Boomers and Seniors Find Income Satisfaction in Becoming Entrepreneurs

Boomers and Seniors, you knew you were a valuable asset to our nation, but did you know your entrepreneurship is adding an important dimension to your well being and to the economy of the U.S.?

In a webinar held on October 25, 2012 sponsored by the International Economic Development Council (IEDC) entitled “Gray is The New Gold” experts described the growing phenomenon of entrepreneurship by the 50 and older set. It turns out that many folks over 50 or even over 65 are not just retiring to golf courses, but are working productively either in businesses they’ve created, as volunteers with community organizations, or as mentors for younger entrepreneurs!

Just think of your own situation. You’ve spent 30, 40, or even 50 years developing skills and expertise in one or more fields. You probably know more now than you ever have, and you can apply those skills to either a new business start up, or to volunteering at a school, or to mentoring a younger entrepreneur.

According to Edward G. Rogoff, Ph.D., a Professor in the Department of Management of the Zicklin School of Business at Baruch College, The City University of New York, and one of the webinar speakers, almost 18% of those in the 55 to 64 age range are self employed and this increases to over 19% for the 64+ population.

Several motivating factors are at work here: the desire to use skills and abilities developed over a long career; to give back to the community; to gain greater work satisfaction that may have been lacking in recent jobs; and the need for income in a tough job market.

But there are important differences between older adult entrepreneurs and those 23 year olds coming out of business school. Older entrepreneurs are usually better capitalized with less debt. They have better and larger networks of connections and resources to draw upon; they have better customer connections and a vast knowledge base, all incredibly powerful tools for business success.

At the same time older entrepreneurs tend to be less facile with technology such as social media and web sites than younger entrepreneurs. Here is an opportunity to partner with a younger entrepreneur, possibly exchanging mentoring for assistance in utilizing media technology. Older entrepreneurs cannot “bet the farm” on their enterprise as younger ones may since they have less time to make up for losses if their enterprise goes down the drain.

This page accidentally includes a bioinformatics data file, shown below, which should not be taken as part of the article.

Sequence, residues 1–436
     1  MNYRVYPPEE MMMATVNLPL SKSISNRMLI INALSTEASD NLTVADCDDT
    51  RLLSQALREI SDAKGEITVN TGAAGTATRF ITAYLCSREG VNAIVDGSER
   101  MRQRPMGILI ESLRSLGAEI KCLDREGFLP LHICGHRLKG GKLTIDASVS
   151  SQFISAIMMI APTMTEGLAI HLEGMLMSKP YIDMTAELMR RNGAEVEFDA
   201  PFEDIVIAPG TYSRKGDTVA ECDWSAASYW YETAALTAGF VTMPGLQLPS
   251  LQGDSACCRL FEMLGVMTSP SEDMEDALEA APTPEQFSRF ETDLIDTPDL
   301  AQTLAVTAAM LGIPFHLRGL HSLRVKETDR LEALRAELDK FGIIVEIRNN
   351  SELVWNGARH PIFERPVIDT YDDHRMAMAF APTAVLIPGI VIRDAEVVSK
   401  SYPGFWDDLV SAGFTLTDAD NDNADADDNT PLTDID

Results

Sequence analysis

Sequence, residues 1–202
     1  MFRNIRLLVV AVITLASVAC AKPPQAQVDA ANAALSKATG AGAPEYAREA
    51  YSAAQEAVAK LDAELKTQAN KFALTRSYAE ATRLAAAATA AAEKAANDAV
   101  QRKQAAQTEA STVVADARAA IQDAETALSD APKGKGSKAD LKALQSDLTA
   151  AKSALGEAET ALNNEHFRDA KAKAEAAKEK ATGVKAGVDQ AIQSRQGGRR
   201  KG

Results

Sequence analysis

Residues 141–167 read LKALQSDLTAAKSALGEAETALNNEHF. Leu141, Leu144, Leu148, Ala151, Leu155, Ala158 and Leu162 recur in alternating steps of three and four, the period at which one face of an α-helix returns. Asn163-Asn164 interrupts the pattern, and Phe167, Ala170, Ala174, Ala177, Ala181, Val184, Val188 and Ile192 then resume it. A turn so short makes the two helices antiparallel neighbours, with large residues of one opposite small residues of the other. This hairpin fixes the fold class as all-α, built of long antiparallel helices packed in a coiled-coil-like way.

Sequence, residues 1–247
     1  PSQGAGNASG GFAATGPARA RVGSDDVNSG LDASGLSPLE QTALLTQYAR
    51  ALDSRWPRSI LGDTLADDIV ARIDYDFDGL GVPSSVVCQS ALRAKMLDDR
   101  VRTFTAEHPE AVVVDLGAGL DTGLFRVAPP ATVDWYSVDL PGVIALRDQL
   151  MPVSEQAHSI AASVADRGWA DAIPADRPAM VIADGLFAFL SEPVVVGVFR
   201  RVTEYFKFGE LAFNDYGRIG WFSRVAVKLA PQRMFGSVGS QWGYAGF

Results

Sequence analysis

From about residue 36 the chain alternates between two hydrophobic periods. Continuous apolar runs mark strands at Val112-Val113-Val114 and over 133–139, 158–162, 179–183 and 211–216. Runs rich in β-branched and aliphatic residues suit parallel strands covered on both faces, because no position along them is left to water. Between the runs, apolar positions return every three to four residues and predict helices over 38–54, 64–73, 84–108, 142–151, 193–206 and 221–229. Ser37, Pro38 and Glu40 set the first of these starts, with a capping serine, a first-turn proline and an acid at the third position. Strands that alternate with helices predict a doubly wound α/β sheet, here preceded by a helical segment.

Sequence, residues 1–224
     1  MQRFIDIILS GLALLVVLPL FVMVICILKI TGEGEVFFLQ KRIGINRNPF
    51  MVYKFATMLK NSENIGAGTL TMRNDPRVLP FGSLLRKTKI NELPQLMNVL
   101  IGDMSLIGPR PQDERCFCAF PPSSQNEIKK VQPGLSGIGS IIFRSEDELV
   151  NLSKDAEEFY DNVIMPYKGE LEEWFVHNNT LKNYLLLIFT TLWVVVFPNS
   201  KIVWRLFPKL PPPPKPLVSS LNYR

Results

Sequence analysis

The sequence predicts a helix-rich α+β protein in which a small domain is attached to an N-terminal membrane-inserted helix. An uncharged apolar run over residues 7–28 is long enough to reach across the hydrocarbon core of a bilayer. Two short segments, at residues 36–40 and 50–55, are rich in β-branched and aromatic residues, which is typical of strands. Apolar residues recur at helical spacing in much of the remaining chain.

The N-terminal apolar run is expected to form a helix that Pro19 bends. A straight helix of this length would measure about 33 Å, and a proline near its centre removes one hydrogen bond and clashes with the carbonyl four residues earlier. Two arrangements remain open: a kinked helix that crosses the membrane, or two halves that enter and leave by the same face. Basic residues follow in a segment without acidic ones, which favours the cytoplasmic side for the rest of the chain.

The support of family and friends for skills and capital are as important to both older and younger entrepreneurs. In fact Dr. Rogoff pointed out that most business start ups call heavily upon family and friends, as did Bill Gates and Steve Jobs.

So what does all this mean to you? Much! If you are facing retirement or already retired but are not satisfied with either your non-work routine or the lack of income, think of how you might marshall your resources to become a consultant, to start up a business, to volunteer or to mentor a younger entrepreneur. Ask yourself a series of questions:

What are you really good at?

What do you love doing?

What resources could you bring to bear on this venture in terms of networks of contacts, customers (or consumers of your services), sources of expertise, and capital if needed?

Then write down a simple plan of action – this does not need to be a formal business plan at this point, although as you progress you may want to prepare such a business plan. List who you should talk to, how you might promote yourself, and timetable for moving forward. The chances are very good that you will have fun and even make some money. Good luck!

Bob RodinoWritten by Bob Rodino, Ph.D.

Bob is Vice President for Planning and Finance of Senior Premier Dating, LLC, and is its Chief Financial Officer. He is also President and founder of California Seniors Santa Barbara, LLC a developer of senior housing, and President of Rodino Associates, a consulting firm in urban revitalization. Dr. Rodino received his Ph.D. in Urban Planning from UCLA in 2003. He was awarded a “Certificate of Appreciation” by the City of Los Angeles for his many years of work on Los Angeles economic development. In 2008 the UCLA Department of Urban Planning awarded him “Most Valuable Alumnus of the Year” for his work in creating and chairing a conference on affordable housing and transit-oriented development, and for raising money for student scholarships.

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